Poster A120, Saturday, March 24, 1:30–3:30 pm, Exhibit Hall C
Separate Components of Attentional Bias to Reward Relate to Individual Differences in Impulsivity
Kristin Meyer1, Nelly Topa1, Cheyenne Bricken1, Margaret Sheridan1, Joe Hopfinger1; 1University of North Carolina at Chapel Hill
A growing body of research shows that reward-related distractors disrupt attentional control. Impulsivity, a construct linked with a broad range of psychopathology, is related to both heightened reward response and reduced cognitive control. However, findings regarding the relationship between attentional bias to reward and impulsivity have been mixed. This may be because most attentional bias paradigms do not parse apart key components of spatial attention: capture and disengagement. To address this gap, healthy adults completed a two phase attention task and the Barratt Impulsivity Scale (BIS-11). First, a colored circle stimulus was associated with monetary reward. Second, attentional bias to reward was assessed using a modified Posner cuing paradigm in which the non-predictive cues were either previously rewarded, previously trained-unrewarded, or neutral stimuli. Participants were significantly faster to respond to a target following a previously rewarded cue, demonstrating facilitated attentional capture to rewarding stimuli. Additionally, participants were significantly slower to disengage from a previously rewarded stimulus, as demonstrated by slowed reaction time when the target appeared in a location opposite the previously rewarded cue. These results are not due to training alone, as the trained-unrewarded stimuli showed no effect. Furthermore, these effects were strongly correlated with impulsivity as measured by the BIS-11. Whereas capture by reward history is more closely linked with motor and attention impulsivity, disengagement from previously rewarded stimuli predicts non-planning impulsivity. This study provides new evidence that the degree to which attention is captured and subsequently held by rewarding stimuli is linked with distinct components of impulsivity.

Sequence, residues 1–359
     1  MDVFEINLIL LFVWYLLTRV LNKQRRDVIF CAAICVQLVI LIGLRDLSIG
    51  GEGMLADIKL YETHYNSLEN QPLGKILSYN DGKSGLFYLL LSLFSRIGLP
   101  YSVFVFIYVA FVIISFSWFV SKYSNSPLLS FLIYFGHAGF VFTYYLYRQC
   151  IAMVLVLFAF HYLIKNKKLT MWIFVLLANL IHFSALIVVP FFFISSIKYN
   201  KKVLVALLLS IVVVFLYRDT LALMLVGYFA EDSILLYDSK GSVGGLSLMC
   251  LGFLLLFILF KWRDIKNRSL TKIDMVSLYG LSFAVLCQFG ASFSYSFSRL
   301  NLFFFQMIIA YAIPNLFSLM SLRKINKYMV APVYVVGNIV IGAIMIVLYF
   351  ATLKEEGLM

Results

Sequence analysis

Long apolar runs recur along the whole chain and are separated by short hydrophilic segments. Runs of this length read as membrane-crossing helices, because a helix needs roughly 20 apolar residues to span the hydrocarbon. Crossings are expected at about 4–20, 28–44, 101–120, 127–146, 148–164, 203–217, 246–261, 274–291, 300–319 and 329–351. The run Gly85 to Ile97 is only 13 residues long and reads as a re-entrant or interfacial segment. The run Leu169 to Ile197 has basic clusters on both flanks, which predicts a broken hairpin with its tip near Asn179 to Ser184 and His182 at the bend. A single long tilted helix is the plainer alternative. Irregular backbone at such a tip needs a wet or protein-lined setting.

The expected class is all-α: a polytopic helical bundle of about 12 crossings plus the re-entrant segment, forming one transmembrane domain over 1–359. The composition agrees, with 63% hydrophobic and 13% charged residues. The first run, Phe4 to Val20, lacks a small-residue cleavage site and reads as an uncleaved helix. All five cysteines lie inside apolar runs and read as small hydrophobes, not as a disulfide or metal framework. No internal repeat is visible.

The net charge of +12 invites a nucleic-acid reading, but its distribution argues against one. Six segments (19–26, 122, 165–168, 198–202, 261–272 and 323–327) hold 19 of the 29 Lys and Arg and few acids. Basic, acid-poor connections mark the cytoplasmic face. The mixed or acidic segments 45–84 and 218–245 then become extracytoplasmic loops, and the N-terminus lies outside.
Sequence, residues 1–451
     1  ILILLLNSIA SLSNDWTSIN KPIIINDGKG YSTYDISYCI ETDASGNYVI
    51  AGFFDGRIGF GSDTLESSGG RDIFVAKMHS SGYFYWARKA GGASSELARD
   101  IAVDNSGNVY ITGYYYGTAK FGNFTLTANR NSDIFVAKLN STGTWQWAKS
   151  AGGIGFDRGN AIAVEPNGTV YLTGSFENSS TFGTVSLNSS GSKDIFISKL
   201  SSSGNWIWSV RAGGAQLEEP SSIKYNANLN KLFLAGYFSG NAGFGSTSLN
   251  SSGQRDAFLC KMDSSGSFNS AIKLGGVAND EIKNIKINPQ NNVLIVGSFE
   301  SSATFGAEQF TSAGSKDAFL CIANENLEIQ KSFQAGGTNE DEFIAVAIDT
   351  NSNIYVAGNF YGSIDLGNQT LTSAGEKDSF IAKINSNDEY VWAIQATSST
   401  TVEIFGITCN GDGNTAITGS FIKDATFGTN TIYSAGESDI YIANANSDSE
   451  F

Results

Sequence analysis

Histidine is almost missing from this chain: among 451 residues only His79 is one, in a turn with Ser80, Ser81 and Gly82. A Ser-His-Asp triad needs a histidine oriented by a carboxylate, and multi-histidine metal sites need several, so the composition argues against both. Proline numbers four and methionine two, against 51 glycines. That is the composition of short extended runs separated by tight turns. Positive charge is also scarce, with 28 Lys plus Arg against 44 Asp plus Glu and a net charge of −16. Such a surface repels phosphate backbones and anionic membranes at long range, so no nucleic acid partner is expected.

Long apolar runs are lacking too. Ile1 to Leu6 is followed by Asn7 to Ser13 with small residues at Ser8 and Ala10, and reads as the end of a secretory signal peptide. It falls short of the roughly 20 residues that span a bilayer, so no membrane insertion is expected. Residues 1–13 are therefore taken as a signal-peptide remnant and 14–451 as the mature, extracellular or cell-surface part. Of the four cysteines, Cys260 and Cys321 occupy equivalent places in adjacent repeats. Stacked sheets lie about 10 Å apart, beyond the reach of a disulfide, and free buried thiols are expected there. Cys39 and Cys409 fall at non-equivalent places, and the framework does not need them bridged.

Topic Area: ATTENTION: Spatial